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We’ve Got a Great Audience … at Home


“It feels like we’re auditioning,” a dazed Ryan Seacrest said on live television Wednesday morning, before a sea of empty seats.

Two hours later, in another bare studio, Whoopi Goldberg sat at a table with her four co-hosts on “The View” and put it plainly: “For the first time ever, as you can see, if you looked around, we made the decision not to have a studio audience. This is unprecedented.”

And later on Wednesday, several late-night shows in New York, including “The Late Show With Stephen Colbert” on CBS, and “The Tonight Show Starring Jimmy Fallon” on NBC, announced that they, too, would film without studio audiences starting on Monday.

As the coronavirus severely disrupts daily life in the United States and limits the number of in-person gatherings being held around the country, it is also affecting an American institution that provides a virtual gathering spot for millions of people: the daily talk show.

Talk show producers have said for years that they need a good audience to make a good episode. Many of the shows bring audience members into the studio an hour before showtime. For some shows, music is pumping at eardrum-splitting volumes, the better to whip fans into a frenzy and get them primed for big reactions live on air.

Now those big laughs and cheers will be silenced for the foreseeable future.

The syndicated talk shows “Live With Kelly and Ryan” and “The View” both barred studio audiences beginning on Wednesday because of fears surrounding the coronavirus. Other talk shows, such as “Dr. Phil” and “The Wendy Williams Show,” have made the same decision, joining Los Angeles-based game shows, like “Wheel of Fortune” and Jeopardy!,” that said this week that they would forgo studio audiences.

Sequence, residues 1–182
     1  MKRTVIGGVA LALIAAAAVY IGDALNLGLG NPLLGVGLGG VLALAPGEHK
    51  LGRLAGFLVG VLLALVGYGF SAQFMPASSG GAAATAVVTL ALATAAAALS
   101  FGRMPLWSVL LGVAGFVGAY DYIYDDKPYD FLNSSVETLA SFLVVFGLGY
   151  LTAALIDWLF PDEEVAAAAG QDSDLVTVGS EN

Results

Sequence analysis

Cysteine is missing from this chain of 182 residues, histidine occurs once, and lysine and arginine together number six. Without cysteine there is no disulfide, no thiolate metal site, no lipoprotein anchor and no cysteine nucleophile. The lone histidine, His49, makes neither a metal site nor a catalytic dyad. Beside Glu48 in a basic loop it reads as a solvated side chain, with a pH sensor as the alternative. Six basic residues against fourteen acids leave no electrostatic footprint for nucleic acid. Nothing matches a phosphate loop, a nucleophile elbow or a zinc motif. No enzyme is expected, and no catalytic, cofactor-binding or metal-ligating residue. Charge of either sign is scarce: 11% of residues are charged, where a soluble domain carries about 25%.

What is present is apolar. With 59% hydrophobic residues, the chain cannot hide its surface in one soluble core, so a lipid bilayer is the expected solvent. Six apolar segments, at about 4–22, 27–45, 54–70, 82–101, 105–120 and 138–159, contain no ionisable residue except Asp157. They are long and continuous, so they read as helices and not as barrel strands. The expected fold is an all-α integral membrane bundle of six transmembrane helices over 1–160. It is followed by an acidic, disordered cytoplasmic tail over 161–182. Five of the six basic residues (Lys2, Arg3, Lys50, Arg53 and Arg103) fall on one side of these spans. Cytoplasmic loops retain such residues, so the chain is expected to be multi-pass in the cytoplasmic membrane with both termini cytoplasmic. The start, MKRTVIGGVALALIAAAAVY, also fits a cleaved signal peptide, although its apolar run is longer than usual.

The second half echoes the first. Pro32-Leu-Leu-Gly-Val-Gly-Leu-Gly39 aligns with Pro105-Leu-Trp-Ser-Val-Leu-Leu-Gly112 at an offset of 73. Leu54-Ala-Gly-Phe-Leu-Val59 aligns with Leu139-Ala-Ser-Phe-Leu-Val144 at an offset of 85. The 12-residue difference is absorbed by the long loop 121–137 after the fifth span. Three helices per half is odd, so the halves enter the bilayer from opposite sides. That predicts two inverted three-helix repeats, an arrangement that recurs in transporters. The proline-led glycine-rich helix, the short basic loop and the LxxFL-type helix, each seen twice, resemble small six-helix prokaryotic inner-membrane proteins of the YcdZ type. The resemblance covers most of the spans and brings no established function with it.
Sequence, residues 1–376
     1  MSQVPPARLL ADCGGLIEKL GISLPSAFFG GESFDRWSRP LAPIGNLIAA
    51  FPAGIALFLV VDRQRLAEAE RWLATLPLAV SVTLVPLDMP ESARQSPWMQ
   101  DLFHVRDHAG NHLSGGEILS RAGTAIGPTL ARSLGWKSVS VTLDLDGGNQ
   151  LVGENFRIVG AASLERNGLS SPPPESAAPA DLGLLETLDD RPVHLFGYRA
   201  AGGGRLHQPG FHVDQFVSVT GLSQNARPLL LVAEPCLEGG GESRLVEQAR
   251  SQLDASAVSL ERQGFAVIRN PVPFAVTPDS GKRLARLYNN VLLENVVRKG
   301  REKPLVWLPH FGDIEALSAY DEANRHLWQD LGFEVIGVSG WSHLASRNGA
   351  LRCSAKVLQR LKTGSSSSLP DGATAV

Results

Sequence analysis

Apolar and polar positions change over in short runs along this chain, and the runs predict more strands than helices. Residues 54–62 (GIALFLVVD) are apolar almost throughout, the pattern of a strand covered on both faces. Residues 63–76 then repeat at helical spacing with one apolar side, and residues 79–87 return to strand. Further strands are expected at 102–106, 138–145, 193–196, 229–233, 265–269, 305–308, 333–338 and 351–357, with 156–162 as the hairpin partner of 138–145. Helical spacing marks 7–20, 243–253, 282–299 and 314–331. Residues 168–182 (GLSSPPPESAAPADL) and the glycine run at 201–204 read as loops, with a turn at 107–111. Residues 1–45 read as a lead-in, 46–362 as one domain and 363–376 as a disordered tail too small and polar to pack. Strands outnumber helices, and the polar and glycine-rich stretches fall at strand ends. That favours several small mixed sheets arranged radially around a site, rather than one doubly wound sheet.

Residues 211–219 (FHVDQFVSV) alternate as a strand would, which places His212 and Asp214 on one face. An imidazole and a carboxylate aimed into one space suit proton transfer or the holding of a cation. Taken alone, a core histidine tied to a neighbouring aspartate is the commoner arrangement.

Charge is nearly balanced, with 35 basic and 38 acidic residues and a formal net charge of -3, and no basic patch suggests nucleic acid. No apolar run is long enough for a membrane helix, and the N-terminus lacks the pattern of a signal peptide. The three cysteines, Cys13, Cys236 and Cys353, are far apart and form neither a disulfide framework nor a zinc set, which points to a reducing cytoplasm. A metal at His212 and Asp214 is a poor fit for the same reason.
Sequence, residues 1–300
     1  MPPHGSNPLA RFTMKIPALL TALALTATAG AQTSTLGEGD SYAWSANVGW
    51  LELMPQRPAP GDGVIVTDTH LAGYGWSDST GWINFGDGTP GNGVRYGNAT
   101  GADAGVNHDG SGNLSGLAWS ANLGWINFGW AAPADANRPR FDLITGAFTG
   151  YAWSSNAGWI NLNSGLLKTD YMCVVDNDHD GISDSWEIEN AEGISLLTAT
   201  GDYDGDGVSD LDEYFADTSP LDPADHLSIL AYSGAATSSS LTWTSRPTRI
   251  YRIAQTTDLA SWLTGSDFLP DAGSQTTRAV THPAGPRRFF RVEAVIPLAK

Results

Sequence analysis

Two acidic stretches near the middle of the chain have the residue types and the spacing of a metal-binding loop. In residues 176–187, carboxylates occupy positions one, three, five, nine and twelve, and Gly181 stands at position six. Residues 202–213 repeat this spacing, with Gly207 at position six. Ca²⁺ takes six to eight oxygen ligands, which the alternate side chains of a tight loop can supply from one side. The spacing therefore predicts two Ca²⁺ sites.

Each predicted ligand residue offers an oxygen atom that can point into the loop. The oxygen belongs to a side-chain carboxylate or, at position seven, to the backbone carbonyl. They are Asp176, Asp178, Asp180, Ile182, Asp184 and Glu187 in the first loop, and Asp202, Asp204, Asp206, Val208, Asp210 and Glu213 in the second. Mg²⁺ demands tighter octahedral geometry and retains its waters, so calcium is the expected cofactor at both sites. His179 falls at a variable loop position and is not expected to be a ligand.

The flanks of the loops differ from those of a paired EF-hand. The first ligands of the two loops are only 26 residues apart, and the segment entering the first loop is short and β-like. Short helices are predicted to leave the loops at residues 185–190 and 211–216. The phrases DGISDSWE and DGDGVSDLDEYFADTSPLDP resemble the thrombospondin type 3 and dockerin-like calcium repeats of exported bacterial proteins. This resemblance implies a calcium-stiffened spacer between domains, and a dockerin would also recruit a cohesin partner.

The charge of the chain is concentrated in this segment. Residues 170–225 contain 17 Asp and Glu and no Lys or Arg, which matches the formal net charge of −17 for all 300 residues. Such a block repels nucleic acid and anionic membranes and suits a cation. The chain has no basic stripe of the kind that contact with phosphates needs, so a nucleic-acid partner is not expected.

“That shouldn’t stop everyone from watching at home,” Mr. Seacrest’s co-host, Kelly Ripa, said on Wednesday. “Because let’s face it: You can’t go anywhere else!”

NBC’s “Late Night With Seth Meyers” and Comedy Central’s “The Daily Show With Trevor Noah” were among the New York-based late-night shows that said they would film without studio audiences starting on Monday. Two weekly late-night shows — “Last Week Tonight With John Oliver” on HBO and Samantha Bee’s “Full Frontal” on TBS — said they would forgo audiences, too.

“Per guidance from New York City officials, the company is hoping to do its part to help to decrease the rate of transmission in our communities,” NBC said in a statement.

On Wednesday morning, adjusting to the new reality played out in real time.

Mr. Seacrest and Ms. Ripa did their show in front of roughly a dozen staff members, who tried to gamely laugh at the hosts’ jokes.

“Guys, if you keep applauding, it’s going to get so irritating,” Ms. Ripa said, in a teasing manner, in response to the echoing whoops and cheers from the small group of producers.

“It’s going to get annoying, OK?” Mr. Seacrest added. “We don’t get that much ever.”

When Kal Penn came out as the show’s first guest, he pantomimed high-fiving a bunch of open seats as the camera followed him sprinting into a nearly empty studio.